Saturday, April 21, 2007

Dangerous Tendencies

The Financial Times has caught on to the news of the Russian Economic Forum in London that has been actively losing its key guests:

Senior Russian business leaders and officials have abruptly pulled out of a premier Russian investment conference starting in London on Monday under what some participants said were Kremlin instructions, amid a chill in UK-Russian relations.

The 10-year-old Russian Economic Forum has long been a must for Russian oligarchs and ministers to woo London’s investment community – and a key social event for the Russian business world.

Senior Russian attendance has waned in the past two years, partly as the Kremlin sought to build up a Russian-based conference, the St Petersburg Economic Forum, in June. But this year has seen unparalleled last-minute pull-outs by company chiefs, including Alexander Medvedev of Gazprom, Sergei Bogdanchikov of state oil company Rosneft, Pyotr Aven of Alfa Bank, and Vladimir Yevtushenkov of the Sistema conglomerate.

Officials including Arkady Dvorkovich, president Vladimir Putin’s economic adviser, and Kirill Androsov, a deputy economy minister, also withdrew, and the finance ministry will not be represented.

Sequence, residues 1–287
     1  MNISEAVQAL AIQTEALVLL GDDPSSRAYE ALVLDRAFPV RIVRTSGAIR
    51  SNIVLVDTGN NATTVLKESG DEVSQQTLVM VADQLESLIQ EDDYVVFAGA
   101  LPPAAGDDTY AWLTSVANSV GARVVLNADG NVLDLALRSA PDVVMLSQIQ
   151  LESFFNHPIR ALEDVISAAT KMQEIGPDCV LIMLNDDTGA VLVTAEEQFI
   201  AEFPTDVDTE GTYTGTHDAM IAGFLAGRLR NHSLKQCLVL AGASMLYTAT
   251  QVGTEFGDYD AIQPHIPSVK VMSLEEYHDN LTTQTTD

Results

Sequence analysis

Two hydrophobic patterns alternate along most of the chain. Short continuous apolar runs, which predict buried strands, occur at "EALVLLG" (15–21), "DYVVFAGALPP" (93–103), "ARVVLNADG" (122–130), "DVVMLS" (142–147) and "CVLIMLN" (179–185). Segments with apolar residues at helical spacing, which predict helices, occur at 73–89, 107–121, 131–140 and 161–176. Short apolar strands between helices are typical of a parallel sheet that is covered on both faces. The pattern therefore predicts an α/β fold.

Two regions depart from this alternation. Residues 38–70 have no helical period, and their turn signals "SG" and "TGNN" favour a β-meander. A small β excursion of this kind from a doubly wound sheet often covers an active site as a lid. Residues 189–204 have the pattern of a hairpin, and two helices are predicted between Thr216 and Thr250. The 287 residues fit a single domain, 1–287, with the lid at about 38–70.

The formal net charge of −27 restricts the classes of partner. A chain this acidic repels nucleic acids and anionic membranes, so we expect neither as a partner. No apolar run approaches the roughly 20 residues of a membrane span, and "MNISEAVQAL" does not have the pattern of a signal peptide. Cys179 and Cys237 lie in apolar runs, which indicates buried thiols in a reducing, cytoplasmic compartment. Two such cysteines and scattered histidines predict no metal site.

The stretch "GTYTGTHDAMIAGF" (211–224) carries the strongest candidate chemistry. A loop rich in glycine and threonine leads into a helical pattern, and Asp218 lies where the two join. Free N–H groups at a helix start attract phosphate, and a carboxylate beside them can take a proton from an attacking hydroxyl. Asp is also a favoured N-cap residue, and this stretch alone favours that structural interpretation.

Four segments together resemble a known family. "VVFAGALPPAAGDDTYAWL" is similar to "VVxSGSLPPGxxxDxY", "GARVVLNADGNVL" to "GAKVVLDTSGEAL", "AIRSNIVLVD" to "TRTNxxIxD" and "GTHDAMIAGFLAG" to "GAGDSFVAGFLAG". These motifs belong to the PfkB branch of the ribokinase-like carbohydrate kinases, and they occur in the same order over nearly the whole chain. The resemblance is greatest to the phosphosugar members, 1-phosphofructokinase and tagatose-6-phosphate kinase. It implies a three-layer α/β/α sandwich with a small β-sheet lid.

Alexander Shokhin, head of Russia’s main business lobby, said he decided on Friday not to attend because the “forum’s efficiency has fallen”.

This is becoming a dangerous tendency stemming from the direct links of key Russian businesses to the Kremlin. What we may see in the future is a decreasing trend of state-linked companies raising capital in London (an unsustainable tendency in the long-run). Whenever government has the ability to exercise immediate control over half of its economy one must worry on the economic impact of such activities on the bottom line of Gazprom, Rosneft, TNK-BP, and others.

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